Janet Kauffman, Bette Pesetsky, and Bette Howland are “similar” in scope and voice the way Mary Robison and Amy Hempel are: Lish writers in faith and style. Both Kaufmann’s Places in the World a Woman Could Walk (1983), with twelve stories, and Pestesky’s Stories Up to a Point (1981) with fifteen stories, are barely over 100 pages long, the text so stripped to the bone that they belong in the same class as What We Talk About When We Talk About Love (1981) and we can say Kauffman is Carver’s female counterpart. Kauffman writes about rural women, especially the non-urban outskirts of Michigan, while Petesky writes about women in the city; both deal with family issues of older parents, memories, and children. Kaufmann has two interrogatory stories that call forth Carveresque comparison: “Isn’t It Something?” and “How Many Boys?” In fact, a number of her stories have Carveresque (or Lishesque, as the case now is) titles: “The Mechanics of Good Times” and “At First it Looks Like Nothing.”
Consider the opening sentences of “Isn’t It Something?”:
This is how Ceila told it.
Her ex-husband loved her maiden name, Dollop—so much that he said keep it, when they married. He said, you are Ceila Dollop that is who. She told him it was a stupid, lopsided name, but he said no, it was rich, a home-baked name, full of goodies and promise. Yum, he said, and he did his nibbling. For a while. But sooner than she’d dreamed, Ceila Dollop was walking herself to Mercy Hospital with a broken collar bone and an index finger pointing backwards, and that night she swore on the Bible in the gray metal drawer that she’d vacate the state. (27)
Or the opening of “The Mechanics of Good Times”:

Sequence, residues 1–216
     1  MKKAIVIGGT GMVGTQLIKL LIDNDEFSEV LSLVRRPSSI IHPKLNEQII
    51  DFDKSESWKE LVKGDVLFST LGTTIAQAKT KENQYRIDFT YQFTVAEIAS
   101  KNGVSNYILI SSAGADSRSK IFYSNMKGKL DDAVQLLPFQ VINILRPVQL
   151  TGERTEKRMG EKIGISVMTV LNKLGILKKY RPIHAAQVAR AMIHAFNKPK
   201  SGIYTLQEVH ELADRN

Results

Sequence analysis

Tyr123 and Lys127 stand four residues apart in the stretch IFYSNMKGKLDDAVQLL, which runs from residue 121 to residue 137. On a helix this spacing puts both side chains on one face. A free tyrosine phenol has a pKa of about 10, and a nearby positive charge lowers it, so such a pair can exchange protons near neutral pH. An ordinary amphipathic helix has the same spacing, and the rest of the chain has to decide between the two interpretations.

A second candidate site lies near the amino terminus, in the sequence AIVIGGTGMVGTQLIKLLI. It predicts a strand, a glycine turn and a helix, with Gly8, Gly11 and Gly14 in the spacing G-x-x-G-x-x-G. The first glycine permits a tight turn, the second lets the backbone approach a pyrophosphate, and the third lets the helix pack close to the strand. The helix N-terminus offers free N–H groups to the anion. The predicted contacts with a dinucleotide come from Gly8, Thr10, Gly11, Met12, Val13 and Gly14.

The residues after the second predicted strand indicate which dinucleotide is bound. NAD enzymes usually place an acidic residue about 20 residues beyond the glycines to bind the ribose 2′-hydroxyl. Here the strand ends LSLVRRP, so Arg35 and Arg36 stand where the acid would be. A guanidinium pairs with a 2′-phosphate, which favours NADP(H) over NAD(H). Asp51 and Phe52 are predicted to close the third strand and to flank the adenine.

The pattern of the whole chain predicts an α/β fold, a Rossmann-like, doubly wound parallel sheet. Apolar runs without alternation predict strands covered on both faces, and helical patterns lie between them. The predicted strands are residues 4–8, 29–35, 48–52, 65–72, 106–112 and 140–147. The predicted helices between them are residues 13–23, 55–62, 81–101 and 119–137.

“Nice car.” I start with that, through our open windows.
“It ain’t mine,” she says, mad.
But her lip swings up past a lost-now-forever front tooth and, for me, it’s half of a lucky smile. (105)
Or the first sentence of “At First It Looks Like Nothing”: “It’s dark here now, and how long it will be before anybody Jesus sweet Jesus to me I don’t know” (115).
Now scrutinize these opening sentences in Carver’s What We Talk About When We Talk About Love:
A man without hands came to the door to sell me a photograph of my house. Except for the chrome hooks, he was an ordinary man of fifty or so.
“How did you lose your hands?” I asked after he said what he wanted.
“That’s another story,” he said. “You want this picture or not?” (“Viewfinder” p. 11)
My husband eats with a good appetite. But I don’t think he’s really hungry. He chews, arms on the table, and stares at something across the room. He looks at me and looks away. He wipes his mouth on the napkin. He shrugs, and goes on eating. (“So Much Water So Close to Home” p. 79)
The deadpan first person voices of both Kauffman and Carver are strikingly interchangeable, and as discussed in the previous chapter, are Lish’s fingerprints on the text. ( To discuss later: the flirtatious and suggestive letters Kayffman and Lish wrote to each other found in Lish’s archives.)
Now consider these passages from Pesetsky’s Stories Up to a Point: